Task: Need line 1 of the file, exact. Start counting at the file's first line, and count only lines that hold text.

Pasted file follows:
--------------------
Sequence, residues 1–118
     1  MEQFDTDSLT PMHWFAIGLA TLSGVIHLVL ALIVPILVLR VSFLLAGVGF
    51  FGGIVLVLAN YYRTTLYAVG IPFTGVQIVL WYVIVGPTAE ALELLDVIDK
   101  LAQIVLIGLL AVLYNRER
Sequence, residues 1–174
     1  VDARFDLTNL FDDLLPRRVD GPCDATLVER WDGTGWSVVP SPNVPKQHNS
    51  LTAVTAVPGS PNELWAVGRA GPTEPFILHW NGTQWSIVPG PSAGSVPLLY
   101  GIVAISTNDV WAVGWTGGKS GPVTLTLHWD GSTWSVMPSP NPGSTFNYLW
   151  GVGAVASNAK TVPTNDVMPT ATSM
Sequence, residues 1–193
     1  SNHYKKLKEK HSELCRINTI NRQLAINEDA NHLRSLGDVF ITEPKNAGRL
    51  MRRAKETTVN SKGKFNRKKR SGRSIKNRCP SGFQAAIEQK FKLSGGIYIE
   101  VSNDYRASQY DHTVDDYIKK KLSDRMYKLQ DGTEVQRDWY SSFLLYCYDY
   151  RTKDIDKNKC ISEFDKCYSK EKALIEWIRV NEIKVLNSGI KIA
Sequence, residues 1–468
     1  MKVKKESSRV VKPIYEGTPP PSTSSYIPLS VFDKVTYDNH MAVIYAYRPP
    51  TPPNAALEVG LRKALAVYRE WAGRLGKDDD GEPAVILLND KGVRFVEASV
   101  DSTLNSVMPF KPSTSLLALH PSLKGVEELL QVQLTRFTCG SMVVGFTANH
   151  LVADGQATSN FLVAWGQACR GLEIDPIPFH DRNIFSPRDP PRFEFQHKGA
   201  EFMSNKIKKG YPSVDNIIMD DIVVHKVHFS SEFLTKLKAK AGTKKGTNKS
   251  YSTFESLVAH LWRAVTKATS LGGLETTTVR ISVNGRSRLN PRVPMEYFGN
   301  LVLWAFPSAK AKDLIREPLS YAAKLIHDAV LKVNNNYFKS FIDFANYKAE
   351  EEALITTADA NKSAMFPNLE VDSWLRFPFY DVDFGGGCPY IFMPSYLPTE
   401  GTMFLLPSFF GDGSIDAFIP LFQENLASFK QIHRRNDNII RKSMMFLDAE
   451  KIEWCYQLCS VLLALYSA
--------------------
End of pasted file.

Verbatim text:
Sequence, residues 1–118